Senators say war on drugs not a failure but a ‘constant battle’

Aika Rey
Senators say war on drugs not a failure but a ‘constant battle’
'War versus drugs fails only when you stop fighting. It's a constant battle vs drug dealers, drug dependents, corrupt officials, and cerebrally-challenged critics,' says Senate President Vicente Sotto III

MANILA, Philippines – Senators on Monday, January 6, said the administration’s war on drugs is not a failure, rather a “constant battle.”

On Monday, Vice President Leni Robredo released her assessment of the anti-drug campaign, based on her brief stint as co-chair of the anti-drug body, and gave it a mark of “1 out of 100.” She said law enforcement agents were only able to seize a dismal 1% of the total supply of illegal drugs in the country in the past 3 years.

Senate President Vicente Sotto III, speaking from his experience as former head of the Dangerous Drugs Board, said Robredo’s report had “valid points” but failed to mention recommendations on prevention.

“Some very valid points but, much like the executive department, they fail to highlight the main issue of prevention. I keep on harping, ‘The day we stop buying is the day they stop selling!'” Sotto said. 


Still, the Senate President maintained the war on drugs was not a total failure.

“War versus drugs fails only when you stop fighting. It’s a constant battle vs drug dealers, drug dependents, corrupt officials, and cerebrally-challenged critics,” Sotto told reporters, taking a swipe at those critical of the President’s war on drugs.

Senator Panfilo Lacson acknowledged that the administration should have shifted strategy toward the supply side of the problem – the same as his advice to Robredo during her brief stint as co-chair of the Inter-Agency Committee on Anti-Illegal Drugs (ICAD) in late 2019. (READ: After 3 years, Duterte gov’t still has to rid over 17,000 barangays of drugs)

“The war against illegal drugs is a continuing fight and, therefore, I would rather say, it has not been successful enough, rather than call it a failure,” said Lacson, a former top cop during the Estrada administration.

Lacson added that the administration should have gone after the big suppliers: “Intelligence, being the prime mover of all law enforcement operations, should be given utmost priority, and a no-mercy policy against corrupt anti-drug law enforcement operatives must be implemented immediately.”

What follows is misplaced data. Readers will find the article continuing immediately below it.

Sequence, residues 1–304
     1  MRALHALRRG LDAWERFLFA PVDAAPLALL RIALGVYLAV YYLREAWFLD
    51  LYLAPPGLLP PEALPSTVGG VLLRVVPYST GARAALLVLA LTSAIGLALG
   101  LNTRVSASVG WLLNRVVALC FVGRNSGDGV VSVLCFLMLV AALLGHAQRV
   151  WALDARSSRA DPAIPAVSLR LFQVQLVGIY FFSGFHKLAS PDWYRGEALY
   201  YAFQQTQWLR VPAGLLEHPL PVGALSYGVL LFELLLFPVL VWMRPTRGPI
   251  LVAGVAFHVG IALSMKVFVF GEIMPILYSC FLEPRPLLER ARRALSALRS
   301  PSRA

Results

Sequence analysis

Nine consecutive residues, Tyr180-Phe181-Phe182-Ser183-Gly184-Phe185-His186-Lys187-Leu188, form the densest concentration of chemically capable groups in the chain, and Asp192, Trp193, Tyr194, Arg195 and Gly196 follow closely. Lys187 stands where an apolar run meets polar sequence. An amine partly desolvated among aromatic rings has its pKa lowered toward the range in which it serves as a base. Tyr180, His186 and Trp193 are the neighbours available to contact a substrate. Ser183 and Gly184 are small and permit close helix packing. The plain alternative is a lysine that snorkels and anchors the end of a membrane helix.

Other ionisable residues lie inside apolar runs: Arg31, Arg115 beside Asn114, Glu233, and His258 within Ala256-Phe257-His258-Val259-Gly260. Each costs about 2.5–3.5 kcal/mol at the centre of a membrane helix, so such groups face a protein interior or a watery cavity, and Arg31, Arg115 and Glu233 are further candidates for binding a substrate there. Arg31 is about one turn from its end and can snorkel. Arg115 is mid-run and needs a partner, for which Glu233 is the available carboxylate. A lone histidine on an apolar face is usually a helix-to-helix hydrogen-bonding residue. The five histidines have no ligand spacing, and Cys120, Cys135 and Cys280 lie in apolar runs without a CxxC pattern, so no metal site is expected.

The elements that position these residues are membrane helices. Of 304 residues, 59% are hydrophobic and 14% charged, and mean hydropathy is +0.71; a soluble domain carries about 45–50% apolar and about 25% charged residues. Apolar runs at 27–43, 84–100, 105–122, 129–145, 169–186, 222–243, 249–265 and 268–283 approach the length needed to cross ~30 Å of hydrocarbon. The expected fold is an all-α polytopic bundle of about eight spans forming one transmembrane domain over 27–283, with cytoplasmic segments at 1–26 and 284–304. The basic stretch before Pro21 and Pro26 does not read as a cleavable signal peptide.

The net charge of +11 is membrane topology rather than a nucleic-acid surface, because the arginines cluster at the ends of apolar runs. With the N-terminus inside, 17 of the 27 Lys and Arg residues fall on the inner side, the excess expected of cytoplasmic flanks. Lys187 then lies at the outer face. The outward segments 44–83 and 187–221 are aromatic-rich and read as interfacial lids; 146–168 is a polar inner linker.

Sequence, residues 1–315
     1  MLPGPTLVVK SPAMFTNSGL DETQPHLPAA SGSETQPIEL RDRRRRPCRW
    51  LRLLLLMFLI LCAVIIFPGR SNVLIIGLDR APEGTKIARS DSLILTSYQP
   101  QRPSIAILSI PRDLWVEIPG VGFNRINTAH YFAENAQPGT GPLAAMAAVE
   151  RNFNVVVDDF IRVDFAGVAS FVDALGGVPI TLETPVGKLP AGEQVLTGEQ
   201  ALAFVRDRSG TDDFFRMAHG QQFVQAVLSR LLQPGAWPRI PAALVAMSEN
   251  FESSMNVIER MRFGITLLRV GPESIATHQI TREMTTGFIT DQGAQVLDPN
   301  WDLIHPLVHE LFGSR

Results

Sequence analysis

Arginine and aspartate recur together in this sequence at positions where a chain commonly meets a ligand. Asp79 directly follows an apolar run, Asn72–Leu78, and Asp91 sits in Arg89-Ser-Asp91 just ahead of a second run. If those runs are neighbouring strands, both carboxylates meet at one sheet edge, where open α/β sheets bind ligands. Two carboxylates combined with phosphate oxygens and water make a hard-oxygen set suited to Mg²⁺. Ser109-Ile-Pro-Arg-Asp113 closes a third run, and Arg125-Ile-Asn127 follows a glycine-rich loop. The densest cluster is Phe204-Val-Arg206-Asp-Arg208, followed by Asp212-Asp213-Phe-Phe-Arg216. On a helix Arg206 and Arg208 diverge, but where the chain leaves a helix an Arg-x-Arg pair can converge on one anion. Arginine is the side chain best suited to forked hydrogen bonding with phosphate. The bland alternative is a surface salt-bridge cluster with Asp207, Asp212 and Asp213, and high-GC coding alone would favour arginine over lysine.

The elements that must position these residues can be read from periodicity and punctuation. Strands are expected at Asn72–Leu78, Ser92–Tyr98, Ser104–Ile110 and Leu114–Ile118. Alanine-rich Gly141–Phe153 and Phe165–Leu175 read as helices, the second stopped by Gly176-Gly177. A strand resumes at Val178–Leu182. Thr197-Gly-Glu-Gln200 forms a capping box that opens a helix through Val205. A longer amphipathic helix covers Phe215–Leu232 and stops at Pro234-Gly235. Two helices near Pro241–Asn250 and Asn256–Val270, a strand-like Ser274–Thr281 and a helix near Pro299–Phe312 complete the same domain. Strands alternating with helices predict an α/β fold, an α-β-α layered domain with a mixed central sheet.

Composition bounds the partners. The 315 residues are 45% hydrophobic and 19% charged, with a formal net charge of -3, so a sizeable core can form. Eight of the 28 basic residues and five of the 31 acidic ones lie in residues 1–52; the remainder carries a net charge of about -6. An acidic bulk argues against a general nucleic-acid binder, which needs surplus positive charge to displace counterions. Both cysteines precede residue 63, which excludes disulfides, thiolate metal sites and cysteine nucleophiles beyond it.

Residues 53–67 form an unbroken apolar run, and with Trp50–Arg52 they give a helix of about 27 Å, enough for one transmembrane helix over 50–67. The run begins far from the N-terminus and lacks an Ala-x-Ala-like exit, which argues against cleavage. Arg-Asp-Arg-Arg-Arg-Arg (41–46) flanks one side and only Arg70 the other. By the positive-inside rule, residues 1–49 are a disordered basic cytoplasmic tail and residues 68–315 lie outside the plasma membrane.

Senator Aquilino Pimentel III, an ally of the President, agreed on Robredo’s report that law enforcement agents should go after the big fish. Pimentel posed questions as to where illegal drugs come from, who brings it in, and if the government has done anything to prevent such shipments from coming into the country.

“Enforce all of our existing laws against all of those who violate them. But the best men [or] women must be assigned to solve the problem of supply,” Pimentel said.

Aside from giving the anti-drug campaign a low mark, Robredo also noted that the DDB, and not the Philippine Drug Enforcement Agency, should be heading ICAD. Robredo said that the DDB has the capacity to plan a more comprehensive anti-drug program.

‘Destroying government image’

Meanwhile, Senator Ronald dela Rosa cast doubt on Robredo’s assessment, pointing out that the Vice President had previously claimed she could’t access data on the drug war.

“Sabi n’ya walang datos or kulang-kulang ang data na available from the government pertaining to the accomplishments on the war on drugs. Ngayon, mag-present s’ya na 1% lang ng drugs at drug money ang na-confiscate. Saan galing ‘yung data niya?” Dela Rosa said.

(She said there were no data on the accomplishments of the war on drugs or that the data were incomplete. Now, she’s presenting that only 1% of the total drugs and drug money has been confiscated. Where did she get the data?)

Dela Rosa speculated that Robredo only wanted to the destroy the “good image” of the government, just as she did whenever she criticized the Duterte administration for the extrajudicial killings.

“Baka ang pinipili lang n’ya na data ay ‘yung nakakasira sa gobyerno at ayaw niya ng data na gumaganda ang imahe ng gobyerno. Like doon sa ini-insist n’ya sa abroad na mahigit 20,000 na ang EJK victims sa war on drugs at ayaw n’yang tanggapin ang real numbers na 6,000-plus deaths from the government,” said Dela Rosa, the architect of the war on drugs when he was the Philippine National Police chief.

(Maybe she selects only the data that destroys the image of the government, and she didn’t want the data that paints a good image of the government. Like when she insisted overseas that there were over 20,000 victims of extrajudicial killings and she didn’t want to accept the 6,000-plus deaths data from the government.)

The Vice President was barely getting started co-heading ICAD when President Rodrigo Duterte fired her on November 24, 2019. The Vice President took the highly politicized post for only 18 days. (READ: The gamble of Leni Robredo)

Duterte had offered the post to Robredo to give her a “taste” of the work, as a longtime critic of the war on drugs.

According to government tally, at least 5,500 suspects had been killed by cops after allegedly “fighting back” during anti-drug operations. Human rights groups, however, estimate the kill tally to have reached over 30,000, including killings inspired by Duterte’s war on drugs. (READ: Duterte says his only ‘sin’ is extrajudicial killings) –

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Aika Rey

Aika Rey is a business reporter for Rappler. She covered the Senate of the Philippines before fully diving into numbers and companies. Got tips? Find her on Twitter at @reyaika or shoot her an email at